Since the profits on the Fed's balance sheet flow to the U.S. Treasury guess who would not be happy if those flows decline -- Congress. While the TBTF banks would be receiving massive amounts of money from the Fed there would be significantly reduced flows to the government. Congress would have a fit dealing with less income and more debt while the banks were reaping a windfall and would likely press for a change to who gets to mint more money, taking back their constitutional power to coin money. This would pressure the Fed to back away from any plans to reduce their QE efforts. They're trapped. They have successfully painted themselves into a corner.

But this is not a win for the market since there's an end game to all this money printing. We'll find out from Japan how successful it is since they're well ahead of everyone else and doing massive QE right now. If the Nikkei does not recover, and I don't think it will, and their economy does not show signs of life from all the monetization effort, sentiment will sink like a stone. Rising rates will kill Japan's ability to pay their debt (a rise to only 2.2% would take 80% of their budget just to pay their debt load) and the shock waves would be heard around the world. Central banks are trapped in what they're doing but there's simply no good outcome for this grand experiment of the central banks. All are bad and it's only a matter of which bad option is chosen. The central banks will hang on to the very end, which is the worst option.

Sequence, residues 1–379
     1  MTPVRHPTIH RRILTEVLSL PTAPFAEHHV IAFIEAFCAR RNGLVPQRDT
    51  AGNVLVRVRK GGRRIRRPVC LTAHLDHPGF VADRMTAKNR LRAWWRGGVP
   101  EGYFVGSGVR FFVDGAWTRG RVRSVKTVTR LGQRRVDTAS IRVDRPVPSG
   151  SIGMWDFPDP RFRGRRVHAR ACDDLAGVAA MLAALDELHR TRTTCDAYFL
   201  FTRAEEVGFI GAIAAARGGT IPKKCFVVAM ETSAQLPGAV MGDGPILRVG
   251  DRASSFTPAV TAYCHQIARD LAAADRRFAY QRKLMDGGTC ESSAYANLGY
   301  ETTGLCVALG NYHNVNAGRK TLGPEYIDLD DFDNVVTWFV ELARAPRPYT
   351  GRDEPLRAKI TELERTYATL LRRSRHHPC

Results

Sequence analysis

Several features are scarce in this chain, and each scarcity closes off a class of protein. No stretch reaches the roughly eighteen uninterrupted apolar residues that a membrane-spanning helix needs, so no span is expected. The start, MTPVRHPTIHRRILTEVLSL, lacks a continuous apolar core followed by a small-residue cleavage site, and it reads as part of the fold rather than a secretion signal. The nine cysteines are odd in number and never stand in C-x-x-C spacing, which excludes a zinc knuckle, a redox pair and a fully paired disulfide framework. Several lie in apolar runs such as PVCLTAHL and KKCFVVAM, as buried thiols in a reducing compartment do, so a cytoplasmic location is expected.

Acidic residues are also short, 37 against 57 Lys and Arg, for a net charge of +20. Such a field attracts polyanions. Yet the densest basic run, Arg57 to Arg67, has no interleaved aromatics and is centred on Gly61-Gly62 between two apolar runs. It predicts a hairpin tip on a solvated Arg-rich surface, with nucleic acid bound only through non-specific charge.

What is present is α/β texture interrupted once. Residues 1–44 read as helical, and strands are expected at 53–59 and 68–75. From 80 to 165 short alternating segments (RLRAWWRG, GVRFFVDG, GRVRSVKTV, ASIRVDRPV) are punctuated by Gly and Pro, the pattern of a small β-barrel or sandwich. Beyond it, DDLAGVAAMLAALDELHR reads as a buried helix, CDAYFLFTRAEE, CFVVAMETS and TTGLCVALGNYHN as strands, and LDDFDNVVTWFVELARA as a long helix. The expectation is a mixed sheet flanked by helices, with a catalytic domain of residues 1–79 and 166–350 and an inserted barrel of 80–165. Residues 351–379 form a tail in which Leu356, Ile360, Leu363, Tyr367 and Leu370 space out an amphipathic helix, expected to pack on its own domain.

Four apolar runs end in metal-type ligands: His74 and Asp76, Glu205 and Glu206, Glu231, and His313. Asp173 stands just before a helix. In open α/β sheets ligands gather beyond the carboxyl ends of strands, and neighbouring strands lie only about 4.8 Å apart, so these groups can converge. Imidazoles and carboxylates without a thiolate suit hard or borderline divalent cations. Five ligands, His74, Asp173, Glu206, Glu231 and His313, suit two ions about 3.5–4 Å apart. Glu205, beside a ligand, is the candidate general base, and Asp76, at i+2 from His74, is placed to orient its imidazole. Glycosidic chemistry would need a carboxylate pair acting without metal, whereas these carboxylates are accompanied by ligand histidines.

And on that cheery note, let's take a look at what we're facing this week. One reason for the market's current weakness, as compared to previous pullbacks, can be blamed on the hedge funds, which are clearly one of the largest drivers of this market. Unlike normal mutual funds, which are always long (or flat but then they have to justify why they're not invested), hedge funds can more easily bail out of the market and even short it. The chart below, from Bank of America shows the net buys by type of client and the largest net buys were from private clients (the retail investors) over the past month and especially the last week whereas the largest net sellers were the hedge funds. We know retail investors tend to be the last one to the party to pick up the tab (or at the bottom to be the last ones to puke their holdings).

Net stock market buys by client type through June 7, chart courtesy Bank of America

BAC's equity strategist, Savita Subramanian's report last week detailed the weekly flows and noted that the hedge funds have heretofore been the primary driver of the rally. But seven straight weeks of buying has been followed by the "largest net sales last week." He noted there was stronger selling in small and mid caps while money flowed into large caps, which is clearly a defensive move. He also noted that outflows from U.S. stocks total $10.8B so far this year, nearly matching the $10.9B for all of 2012. This says big money is not too sure about the expectations for another new high within the current up-channel and a strong indication we should listen to them.

From a pattern perspective I can still argue for one more new high into the end of June/early July, one which would very likely show all kinds of negative divergences. In other words, the May high might have been the momentum high and one more high could essentially be a test of it (with at least a minor new high). We've seen this occur at multiple important highs in the past, most notably at the 2007 high where the minor new high in October showed lots of bearish divergence against the July high.